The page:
Life Waters: wetlands and climate change

Carmen Revenga, Colin Finlayson

Research output: Book chapter/Published conference paperChapter

Abstract

If one is asked to imagine a landscape teeming with life, a desert is not the first thing that comes to mind. But what a difference some water can make. In southern Africa, the Kalahari desert lies along the Okavango River and after every rainy season, waters flow here from the central Angolan highlands 680 miles (1,100 km) away. Life springs from the river as it moves down to northern Botswana, where it replenishes the 5,790 square mile (15,000 km<+>2<+>) Okavango Delta, an inland alluvial fan. In this season, the Okavango wetlands expand as if by magic into a lush mosaic of permanent and temporary channels, grassy islands, and banks that crisscross the landscape. At its peak, this magnificent wetland complex can expand to 10,800 square miles (28,000 km<+>2<+>)--an area the size of Massachusetts.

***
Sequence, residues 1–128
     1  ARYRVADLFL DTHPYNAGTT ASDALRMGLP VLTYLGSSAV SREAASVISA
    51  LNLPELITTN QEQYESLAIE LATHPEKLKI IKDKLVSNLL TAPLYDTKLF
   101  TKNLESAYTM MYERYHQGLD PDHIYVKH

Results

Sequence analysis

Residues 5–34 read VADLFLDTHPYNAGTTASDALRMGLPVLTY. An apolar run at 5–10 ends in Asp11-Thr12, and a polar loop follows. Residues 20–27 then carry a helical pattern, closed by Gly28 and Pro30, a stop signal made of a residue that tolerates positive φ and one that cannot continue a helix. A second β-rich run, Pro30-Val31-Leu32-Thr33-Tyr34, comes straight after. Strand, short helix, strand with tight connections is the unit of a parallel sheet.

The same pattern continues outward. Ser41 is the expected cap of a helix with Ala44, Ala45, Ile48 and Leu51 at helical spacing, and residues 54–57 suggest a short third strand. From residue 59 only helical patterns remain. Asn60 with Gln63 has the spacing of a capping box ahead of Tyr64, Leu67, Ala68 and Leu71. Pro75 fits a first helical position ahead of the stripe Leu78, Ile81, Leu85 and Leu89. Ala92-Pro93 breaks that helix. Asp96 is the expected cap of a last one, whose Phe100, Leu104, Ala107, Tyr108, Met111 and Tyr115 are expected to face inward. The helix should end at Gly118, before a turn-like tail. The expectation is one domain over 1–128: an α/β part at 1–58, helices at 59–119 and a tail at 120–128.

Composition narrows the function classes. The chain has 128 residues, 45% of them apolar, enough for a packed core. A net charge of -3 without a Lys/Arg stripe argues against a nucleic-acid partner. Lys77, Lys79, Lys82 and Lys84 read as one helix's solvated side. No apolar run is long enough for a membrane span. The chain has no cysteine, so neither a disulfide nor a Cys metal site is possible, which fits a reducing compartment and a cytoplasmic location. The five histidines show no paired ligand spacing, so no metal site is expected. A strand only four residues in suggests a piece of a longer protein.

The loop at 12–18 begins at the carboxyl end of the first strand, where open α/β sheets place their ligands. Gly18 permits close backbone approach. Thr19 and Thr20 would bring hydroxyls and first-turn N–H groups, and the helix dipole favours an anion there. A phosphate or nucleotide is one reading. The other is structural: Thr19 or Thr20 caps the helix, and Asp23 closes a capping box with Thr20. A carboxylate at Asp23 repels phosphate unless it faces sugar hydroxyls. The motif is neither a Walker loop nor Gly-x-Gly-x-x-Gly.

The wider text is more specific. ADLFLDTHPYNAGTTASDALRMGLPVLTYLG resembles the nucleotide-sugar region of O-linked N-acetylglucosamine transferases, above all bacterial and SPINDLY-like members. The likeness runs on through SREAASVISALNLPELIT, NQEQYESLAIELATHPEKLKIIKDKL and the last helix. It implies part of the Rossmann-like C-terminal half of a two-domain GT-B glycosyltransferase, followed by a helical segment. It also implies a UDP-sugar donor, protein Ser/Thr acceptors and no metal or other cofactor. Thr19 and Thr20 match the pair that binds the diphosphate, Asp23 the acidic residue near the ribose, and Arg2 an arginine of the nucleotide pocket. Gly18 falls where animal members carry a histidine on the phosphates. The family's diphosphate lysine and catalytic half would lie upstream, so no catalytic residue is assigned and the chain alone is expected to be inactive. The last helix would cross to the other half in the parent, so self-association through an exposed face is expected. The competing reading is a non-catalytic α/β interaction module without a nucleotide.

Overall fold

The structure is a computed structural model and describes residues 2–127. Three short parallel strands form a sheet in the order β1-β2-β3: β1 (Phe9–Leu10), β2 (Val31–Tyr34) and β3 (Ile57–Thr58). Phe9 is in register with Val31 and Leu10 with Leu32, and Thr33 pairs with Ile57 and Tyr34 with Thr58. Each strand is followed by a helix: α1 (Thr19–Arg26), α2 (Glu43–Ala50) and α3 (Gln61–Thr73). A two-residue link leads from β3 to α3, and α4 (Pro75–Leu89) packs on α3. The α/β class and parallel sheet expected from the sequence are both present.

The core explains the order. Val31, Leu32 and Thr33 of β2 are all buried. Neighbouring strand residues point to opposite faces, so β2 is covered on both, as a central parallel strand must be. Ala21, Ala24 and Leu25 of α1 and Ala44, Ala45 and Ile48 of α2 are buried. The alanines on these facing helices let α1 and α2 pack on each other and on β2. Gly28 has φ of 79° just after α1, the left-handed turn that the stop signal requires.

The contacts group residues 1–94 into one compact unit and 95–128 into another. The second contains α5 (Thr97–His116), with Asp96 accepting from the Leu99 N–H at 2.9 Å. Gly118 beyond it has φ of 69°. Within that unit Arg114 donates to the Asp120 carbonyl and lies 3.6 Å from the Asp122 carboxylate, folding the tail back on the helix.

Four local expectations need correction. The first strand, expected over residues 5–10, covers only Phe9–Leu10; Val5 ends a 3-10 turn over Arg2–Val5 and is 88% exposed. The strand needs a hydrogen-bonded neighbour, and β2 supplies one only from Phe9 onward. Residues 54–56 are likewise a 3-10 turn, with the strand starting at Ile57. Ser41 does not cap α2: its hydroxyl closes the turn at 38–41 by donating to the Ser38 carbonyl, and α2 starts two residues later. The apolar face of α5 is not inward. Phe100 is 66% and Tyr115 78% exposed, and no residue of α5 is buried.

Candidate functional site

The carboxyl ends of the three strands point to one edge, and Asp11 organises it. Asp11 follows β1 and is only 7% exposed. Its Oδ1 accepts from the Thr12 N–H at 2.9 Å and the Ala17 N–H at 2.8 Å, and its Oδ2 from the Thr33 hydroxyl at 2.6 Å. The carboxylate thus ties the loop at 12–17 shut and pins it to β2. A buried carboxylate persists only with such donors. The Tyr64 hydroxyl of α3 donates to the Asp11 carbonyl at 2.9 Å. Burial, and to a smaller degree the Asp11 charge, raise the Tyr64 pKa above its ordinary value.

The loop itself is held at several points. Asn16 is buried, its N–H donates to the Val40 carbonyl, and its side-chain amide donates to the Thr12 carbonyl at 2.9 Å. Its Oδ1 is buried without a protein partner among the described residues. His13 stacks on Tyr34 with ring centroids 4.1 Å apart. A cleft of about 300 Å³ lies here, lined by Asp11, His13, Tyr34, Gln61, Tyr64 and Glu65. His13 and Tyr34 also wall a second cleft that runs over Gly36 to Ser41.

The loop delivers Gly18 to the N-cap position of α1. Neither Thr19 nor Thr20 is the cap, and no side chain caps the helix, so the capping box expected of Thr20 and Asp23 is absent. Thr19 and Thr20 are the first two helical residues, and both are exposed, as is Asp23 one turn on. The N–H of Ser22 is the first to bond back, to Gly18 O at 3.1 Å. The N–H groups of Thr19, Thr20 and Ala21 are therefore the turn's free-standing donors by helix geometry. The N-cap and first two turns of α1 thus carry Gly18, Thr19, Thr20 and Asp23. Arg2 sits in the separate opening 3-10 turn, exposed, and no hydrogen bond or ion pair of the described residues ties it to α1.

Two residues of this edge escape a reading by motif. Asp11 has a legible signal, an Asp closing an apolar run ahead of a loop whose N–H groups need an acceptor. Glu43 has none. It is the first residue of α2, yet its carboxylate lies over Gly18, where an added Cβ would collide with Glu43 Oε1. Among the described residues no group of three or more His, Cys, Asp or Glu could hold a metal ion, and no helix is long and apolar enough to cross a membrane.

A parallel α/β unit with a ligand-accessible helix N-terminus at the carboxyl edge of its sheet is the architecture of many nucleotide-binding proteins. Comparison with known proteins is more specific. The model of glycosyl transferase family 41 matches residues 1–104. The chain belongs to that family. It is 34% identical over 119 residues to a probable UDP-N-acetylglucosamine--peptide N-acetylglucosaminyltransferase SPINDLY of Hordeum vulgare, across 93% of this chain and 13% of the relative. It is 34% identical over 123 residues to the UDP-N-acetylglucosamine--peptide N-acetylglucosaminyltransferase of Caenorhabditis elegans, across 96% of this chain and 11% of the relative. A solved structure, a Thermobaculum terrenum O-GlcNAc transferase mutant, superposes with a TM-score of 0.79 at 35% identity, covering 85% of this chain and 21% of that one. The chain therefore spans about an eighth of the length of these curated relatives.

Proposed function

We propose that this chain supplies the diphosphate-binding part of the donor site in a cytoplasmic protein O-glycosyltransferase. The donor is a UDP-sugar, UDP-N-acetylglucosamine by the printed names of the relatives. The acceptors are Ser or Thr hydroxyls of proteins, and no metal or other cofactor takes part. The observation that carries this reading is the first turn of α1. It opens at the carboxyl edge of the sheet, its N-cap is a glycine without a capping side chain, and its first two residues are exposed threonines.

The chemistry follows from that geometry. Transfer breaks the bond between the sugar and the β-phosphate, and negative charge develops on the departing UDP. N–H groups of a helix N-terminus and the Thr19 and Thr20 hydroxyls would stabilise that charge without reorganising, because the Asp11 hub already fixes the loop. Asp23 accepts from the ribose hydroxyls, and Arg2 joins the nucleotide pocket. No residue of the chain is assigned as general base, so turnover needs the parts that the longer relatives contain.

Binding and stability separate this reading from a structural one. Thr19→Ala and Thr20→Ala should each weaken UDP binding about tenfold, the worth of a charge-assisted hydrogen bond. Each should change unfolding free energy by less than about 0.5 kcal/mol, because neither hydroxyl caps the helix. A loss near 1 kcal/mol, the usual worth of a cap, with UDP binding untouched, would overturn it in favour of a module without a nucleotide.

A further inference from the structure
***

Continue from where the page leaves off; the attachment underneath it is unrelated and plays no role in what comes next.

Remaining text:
Original languageEnglish
Title of host publicationState of the Wild 2010-2011-- A Global Portrait
Place of PublicationWashington, DC, USA
PublisherIsland Press (with the Wildlife Conservation Society)
Pages160-166
Number of pages7
Volume3
EditionPart 3. 8
ISBN (Print)9781597266772
Publication statusPublished - 2010

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